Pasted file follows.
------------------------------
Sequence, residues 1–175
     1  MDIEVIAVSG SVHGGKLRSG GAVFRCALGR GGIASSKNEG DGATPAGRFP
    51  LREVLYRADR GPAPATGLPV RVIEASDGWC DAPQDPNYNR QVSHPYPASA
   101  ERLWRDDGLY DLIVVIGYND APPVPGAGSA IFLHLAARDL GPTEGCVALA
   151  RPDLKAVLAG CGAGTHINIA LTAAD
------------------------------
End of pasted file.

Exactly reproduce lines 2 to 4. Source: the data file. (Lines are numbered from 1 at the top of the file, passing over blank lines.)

     1  MDIEVIAVSG SVHGGKLRSG GAVFRCALGR GGIASSKNEG DGATPAGRFP
    51  LREVLYRADR GPAPATGLPV RVIEASDGWC DAPQDPNYNR QVSHPYPASA
   101  ERLWRDDGLY DLIVVIGYND APPVPGAGSA IFLHLAARDL GPTEGCVALA